Thank you for visiting my website. The information that populates this site was generated during my graduate school career, and it is my sincere hope that the information will save others attempting to set up a primary mouse hepatocyte system much work and frustration. Primary hepatocytes in general have a reputation as being a challenging system to establish and optimize, and I therefore also hope that this site will make the entire process less daunting and more readily accessible to researchers who have held off pursuing primary mouse hepatocyte work due to the (by no means insignificant) effort required to build the system from scratch.

I started my path towards a doctorate degree during the fall of 2004 at the University of Chicago under the guidance of Dr. Xiao Jian Sun, a gentleman who I consider to this day to be one of the finest scientists I have had the honor of working with. I entered graduate school fresh from college, with ten weeks of laboratory experience and no research background. Our lab studied insulin resistance, and Dr. Sun and I (now, looking back, somewhat naievely) thought that primary mouse hepatocytes would provide an ideal (read: relatively easy), novel means to study the molecular mechanism of insulin resistance in the liver. Unfortunately, we were unable to find any neighboring labs within the University that studied hepatic insulin resistance, or that even had experience working with mouse hepatocytes. We therefore had to resort to the literature for protocols -which, as is almost always the case, did not cater to our specific needs. As we soon found out, there is a rather large gap between isolating cells from the liver and obtaining healthy, happy, and functional hepatocytes.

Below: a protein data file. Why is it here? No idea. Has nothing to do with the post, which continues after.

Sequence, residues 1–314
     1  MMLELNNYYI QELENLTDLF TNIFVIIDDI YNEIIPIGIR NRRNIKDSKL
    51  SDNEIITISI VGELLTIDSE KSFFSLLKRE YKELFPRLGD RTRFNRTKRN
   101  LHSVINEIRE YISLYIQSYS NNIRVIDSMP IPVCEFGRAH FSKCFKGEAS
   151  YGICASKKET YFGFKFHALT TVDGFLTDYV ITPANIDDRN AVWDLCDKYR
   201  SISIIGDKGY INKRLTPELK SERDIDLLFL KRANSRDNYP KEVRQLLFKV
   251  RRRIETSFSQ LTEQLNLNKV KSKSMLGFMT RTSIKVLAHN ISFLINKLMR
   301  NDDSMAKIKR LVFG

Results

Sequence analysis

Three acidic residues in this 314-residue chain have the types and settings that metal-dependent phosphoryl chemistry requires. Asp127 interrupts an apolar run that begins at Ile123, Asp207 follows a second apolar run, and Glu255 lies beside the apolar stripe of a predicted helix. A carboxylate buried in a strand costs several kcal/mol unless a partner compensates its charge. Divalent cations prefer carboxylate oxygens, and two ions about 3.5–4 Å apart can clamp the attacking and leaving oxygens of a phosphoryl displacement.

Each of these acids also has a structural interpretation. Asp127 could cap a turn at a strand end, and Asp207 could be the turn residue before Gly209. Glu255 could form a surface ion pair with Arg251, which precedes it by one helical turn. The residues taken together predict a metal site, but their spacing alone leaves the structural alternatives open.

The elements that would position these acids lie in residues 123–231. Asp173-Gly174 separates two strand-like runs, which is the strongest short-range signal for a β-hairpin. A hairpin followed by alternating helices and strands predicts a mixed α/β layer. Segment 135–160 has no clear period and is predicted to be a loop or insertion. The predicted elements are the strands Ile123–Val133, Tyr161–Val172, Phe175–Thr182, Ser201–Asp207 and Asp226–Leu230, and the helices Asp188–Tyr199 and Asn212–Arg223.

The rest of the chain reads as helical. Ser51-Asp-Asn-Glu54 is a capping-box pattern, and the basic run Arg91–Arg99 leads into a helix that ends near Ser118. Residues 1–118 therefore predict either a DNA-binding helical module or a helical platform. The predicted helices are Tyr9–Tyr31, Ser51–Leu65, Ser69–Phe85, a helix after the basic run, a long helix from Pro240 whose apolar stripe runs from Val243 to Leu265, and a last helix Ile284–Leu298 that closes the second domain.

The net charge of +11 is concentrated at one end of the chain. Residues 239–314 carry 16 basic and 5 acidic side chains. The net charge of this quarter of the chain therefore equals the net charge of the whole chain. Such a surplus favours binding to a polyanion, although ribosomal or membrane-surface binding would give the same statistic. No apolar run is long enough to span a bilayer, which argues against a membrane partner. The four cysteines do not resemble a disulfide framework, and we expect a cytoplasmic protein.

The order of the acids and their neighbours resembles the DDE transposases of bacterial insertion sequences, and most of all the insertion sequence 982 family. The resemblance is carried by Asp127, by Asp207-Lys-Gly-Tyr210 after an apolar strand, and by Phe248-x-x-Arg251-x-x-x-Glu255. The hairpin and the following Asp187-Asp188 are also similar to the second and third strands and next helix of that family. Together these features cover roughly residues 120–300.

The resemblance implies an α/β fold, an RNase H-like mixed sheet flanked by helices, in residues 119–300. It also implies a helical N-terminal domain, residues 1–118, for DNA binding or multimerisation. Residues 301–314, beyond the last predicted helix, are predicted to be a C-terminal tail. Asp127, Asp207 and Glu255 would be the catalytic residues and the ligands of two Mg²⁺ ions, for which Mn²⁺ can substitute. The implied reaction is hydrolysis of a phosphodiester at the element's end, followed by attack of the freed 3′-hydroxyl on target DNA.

For brevity's sake, suffice it to say that over the last six years, I have isolated hepatocytes from more mice than I care to remember, and perhaps more importantly, have run a host of functional, as well as molecular assays with said cells to validate the isolation and culture conditions. The table on the front page serves as a partial summary of the readouts I have successfully and consistently run with my hepatocytes.

This web site is a work in progress. I have no illusions about the limits of my knowledge, nor do I claim to have perfected the isolation process. I owe the majority of my success to the pioneers in the field who paved the way for the modern non-recirculating collagenase method of primary hepatocyte isolation; all I can really take credit for is further clarification of particular aspects of the procedure and streamlining certain steps. I cannot even make the claim that I made the information available online- my wonderful, supportive wife, Amanda (the webmaster), deserves all of the credit for that. I therefore welcome all input, critique, and questions, and will do my best to address them.

Finally, I would be remiss if I did not give a special acknowledgement to my current mentor, Dr. Matthew Brady. He was the one who recruited me to the University, and has continued to be a source of unwavering support.

I defended my thesis in February 2011, officially graduated in June 2011, and currently work full-time as a developmental editor in the STM publishing field. While I am no longer generating new data at the bench, I am still very much in touch with basic research, and am committed to continue contributing to science by alternate, although no less useful means.


Wen Zhang

Contact the scientist at: wz25 [at] uchicago [dot] edu

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